National Park Service: Lesbian Bisexual Gay and Transgender History
  • Stonewall Inn, New York City

    Lesbian, Gay, Bisexual, Transgender, and Queer Heritage Initiative

Places with LGBTQ Heritage


image of map of USA showing LBGT sites


In this map, we share our American heritage by connecting our stories with the landscape. LGBTQ history can be traced across the country, from the prehistory of North America and the Hawaiian Islands, to some of the first-established European forts, to the prominent struggles of the civil rights movement, and into the present day. Tradespeople, artists, doctors, spiritual leaders and many more make up the story of LGBTQ America. Researchers and community members are collaborating to create this important visual representation of sites that have been identified as important to LGBTQ heritage. The act of mapping helps to embed our stories in the landscape; it commits them to the structural whole of American history. Through this ongoing project, a more complete story of our heritage is coming to the fore and modern communities are benefiting from their collaboration with one another.

View Excel spreadsheet for a comprehensive list and description of sites

Taking a closer look at the map, we can see concentrations of LGBTQ heritage at certain types of sites. Courthouses where cases concerning queer rights have been adjudicated are part of the legal landscape where LGBTQ history intersects with the physical process of lawmaking.  Likewise, bars and community centers represent a common set of social sites where community members gathered to socialize, work on common causes, or simply, to be themselves. Along with historically gay neighborhoods or districts, these sites of LGBTQ significance are concentrated in larger cities across the U.S. It is important to note that increased visibility of queer heritage in more populous places does not indicate a lack of LGBTQ heritage in more rural settings.  Sites like Nourishing Space for Women outside Tucson, Arizona remind us that queer heritage is not an urban phenomenon.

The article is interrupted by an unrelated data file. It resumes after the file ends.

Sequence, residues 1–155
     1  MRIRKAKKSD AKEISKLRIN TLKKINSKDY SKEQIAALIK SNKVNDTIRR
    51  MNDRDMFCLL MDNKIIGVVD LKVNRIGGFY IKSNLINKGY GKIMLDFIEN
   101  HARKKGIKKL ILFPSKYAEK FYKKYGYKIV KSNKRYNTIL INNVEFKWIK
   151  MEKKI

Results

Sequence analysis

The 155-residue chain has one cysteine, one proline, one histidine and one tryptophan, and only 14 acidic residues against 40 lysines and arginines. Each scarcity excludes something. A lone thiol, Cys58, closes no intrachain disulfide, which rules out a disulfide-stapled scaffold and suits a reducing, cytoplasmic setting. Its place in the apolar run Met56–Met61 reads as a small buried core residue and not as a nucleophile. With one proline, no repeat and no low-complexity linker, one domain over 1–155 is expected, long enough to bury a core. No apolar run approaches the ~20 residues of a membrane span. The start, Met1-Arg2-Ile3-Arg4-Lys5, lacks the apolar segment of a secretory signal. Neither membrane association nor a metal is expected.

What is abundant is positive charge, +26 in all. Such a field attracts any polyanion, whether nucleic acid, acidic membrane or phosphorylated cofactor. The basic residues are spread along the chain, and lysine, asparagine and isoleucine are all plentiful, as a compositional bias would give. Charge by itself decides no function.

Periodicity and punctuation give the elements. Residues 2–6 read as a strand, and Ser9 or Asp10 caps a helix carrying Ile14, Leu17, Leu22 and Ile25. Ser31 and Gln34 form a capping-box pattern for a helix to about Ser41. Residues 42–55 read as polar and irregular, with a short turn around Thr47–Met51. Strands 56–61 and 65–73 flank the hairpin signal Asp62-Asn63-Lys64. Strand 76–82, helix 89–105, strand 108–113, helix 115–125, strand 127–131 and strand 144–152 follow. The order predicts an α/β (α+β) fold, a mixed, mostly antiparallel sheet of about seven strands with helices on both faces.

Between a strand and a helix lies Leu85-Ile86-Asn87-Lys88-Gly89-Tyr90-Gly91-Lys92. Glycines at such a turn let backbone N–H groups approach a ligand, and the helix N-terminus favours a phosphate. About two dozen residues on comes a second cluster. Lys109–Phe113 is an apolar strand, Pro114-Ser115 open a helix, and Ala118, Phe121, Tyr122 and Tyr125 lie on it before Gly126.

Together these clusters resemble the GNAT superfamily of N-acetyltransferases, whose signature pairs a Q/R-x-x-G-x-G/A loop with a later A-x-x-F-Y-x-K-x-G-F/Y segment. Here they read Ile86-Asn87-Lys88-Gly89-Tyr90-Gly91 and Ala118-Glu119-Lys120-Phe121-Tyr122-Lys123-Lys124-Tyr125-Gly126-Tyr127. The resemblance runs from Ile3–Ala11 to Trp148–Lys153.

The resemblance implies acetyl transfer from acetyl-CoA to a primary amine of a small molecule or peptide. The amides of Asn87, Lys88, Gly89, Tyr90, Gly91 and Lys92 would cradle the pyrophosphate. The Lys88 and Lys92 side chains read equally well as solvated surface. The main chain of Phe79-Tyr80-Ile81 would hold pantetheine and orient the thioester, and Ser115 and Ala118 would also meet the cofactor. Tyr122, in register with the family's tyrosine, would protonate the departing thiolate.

Although many LGBTQ individuals made their way to urban centers, perhaps to seek more accepting communities, historic and prehistoric sites that embody queer heritage are everywhere. An excellent example is the Little Bighorn Monument in Montana.  A ledger drawing from the 1876 defeat of General Custer depicts a “male” he’emane’o or two-spirit person leading the Cheyenne victory dance.  In the same year, a Crow bote (third gender) named Osch Tisch earned the name “Finds Them and Kills Them” while fighting with U.S. allies against the Lakota, Sioux and Cheyenne at Busby, Montana.

The Map

Places on the map have been identified by a researcher or community member as important to LGBTQ history. In-depth research has not necessarily been done, so some information may be incomplete or incorrect. Inclusion on the map does not mean that the place is necessarily eligible or has been nominated to the National Register of Historic Places (NR) or the National Historic Landmarks (NHL) programs.

Red Placemarks: Places listed as NRs or NHLs for their association with LGBTQ history and heritage

Yellow Placemarks: Places on the NR, including NHLs, that mention LGBTQ heritage in the nominations, but are not listed primarily for this association.

Light Blue Placemarks: Places already listed as NRs or NHLs that have LGBTQ history that is not mentioned in their nomination

Dark Blue Placemarks: Properties with LGBTQ heritage that have yet to be nominated as NRs or NHLs

Pushpins: Demolished places that were associated with LGBTQ history and heritage